AMD slashes prices and plans reorganisation
AMD is smarting from the effects of its price war with arch rival Intel. It is lowering its earnings forecast for its next quarterly financial results, due to be released next week, and the company has also hinted at a possible reorganisation to help stabilise its finances. More immediately, it has also announced price cuts across its Athlon and Sempron ranges of processors.
AMD says it will now report revenue of around $1.225 billion for the period ending 31 March 2007, citing a decline in quarter-on-quarter income for its Computing Solutions division due to price cuts and flagging unit sales.
Although it has also announced plans to tweak its operating model, AMD is still remaining tight lipped about specific changes until a conference call to discuss its financial performance is held next week.
‘AMD plans to restructure its business model to increase operational efficiencies and lower its operating cost structure,’ the company said in a statement.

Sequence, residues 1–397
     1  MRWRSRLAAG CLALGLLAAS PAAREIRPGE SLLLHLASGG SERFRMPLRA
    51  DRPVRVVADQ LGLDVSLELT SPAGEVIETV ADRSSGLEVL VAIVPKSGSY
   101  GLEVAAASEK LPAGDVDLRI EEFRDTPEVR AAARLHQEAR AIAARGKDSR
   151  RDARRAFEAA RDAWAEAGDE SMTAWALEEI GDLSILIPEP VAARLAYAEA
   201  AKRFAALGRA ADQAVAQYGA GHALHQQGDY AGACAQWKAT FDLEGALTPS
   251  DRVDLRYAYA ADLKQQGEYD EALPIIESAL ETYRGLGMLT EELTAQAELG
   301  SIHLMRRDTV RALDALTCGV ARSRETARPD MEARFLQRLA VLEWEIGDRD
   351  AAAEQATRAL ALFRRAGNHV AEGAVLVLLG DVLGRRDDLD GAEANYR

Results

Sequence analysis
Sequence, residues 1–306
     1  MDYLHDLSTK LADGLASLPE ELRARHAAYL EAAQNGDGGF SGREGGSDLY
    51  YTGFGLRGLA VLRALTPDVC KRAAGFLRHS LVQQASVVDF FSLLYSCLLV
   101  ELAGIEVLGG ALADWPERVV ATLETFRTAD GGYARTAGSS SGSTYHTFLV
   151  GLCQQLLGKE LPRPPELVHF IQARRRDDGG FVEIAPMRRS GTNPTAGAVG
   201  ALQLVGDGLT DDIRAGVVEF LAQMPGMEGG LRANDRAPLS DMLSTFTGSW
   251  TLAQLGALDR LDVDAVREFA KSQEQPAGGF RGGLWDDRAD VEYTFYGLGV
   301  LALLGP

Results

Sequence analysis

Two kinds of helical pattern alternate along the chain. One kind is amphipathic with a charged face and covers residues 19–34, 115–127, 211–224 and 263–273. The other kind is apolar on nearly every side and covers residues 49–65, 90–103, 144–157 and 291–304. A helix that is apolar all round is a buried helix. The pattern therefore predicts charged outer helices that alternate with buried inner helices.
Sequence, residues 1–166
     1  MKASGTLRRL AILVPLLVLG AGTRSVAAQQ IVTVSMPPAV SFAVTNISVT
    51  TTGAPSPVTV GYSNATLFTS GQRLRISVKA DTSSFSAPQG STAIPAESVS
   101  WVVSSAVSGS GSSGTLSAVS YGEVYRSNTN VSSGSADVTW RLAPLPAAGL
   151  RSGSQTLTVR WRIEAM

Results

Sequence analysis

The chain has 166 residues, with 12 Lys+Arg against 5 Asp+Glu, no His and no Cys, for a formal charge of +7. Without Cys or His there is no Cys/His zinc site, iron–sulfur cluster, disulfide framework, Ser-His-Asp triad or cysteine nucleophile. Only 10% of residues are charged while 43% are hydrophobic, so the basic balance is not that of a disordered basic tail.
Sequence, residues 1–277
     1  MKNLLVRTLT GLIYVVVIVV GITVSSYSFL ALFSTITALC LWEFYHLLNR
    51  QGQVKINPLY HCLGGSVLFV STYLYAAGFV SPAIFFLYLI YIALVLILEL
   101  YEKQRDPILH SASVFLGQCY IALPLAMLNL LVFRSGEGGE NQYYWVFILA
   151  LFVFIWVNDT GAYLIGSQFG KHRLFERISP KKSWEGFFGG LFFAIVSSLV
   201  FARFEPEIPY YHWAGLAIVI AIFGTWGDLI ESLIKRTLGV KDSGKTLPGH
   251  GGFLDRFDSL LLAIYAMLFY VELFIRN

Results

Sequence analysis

In terms of rejigging processor pricing, AMD has almost halved the cost of some of its processors. For example, the Athlon 64 X2 6000+ falls from $464 to $241, a drop of 48 per cent.
While Turion and Opteron models have remained unchanged, Athlon 64 processors see a number of changes. The Athlon 64 FX-74 falls from $999 to $799 and the FX-72 from $799 to $599. And as well as X2 changes, the headline Athlon 64, the 4000+ falls eight per cent, from $102 to $94.
Note also, even bigger cuts in the Sempron range. The Sempron 3800+, for example, falls 36 per cent, from $108 to $69.
AMD’s full pricing can be found here.
Note that the FX-70 is dropped from the schedule, as is the FX-62, and the X2 list is trimmed with the 5400+, 4600+ and 4200+ being among those dropped.
AMD and Intel have been embroiled in a war of prices for some time now. In January, AMD revised its outlook for this quarter.
This announcement was quickly followed by a similar piece of news from Intel, where it reported fourth quarter results that saw operating and net incomes fall by 55 per cent and 39 per cent respectively compared to the last quarter of 2005.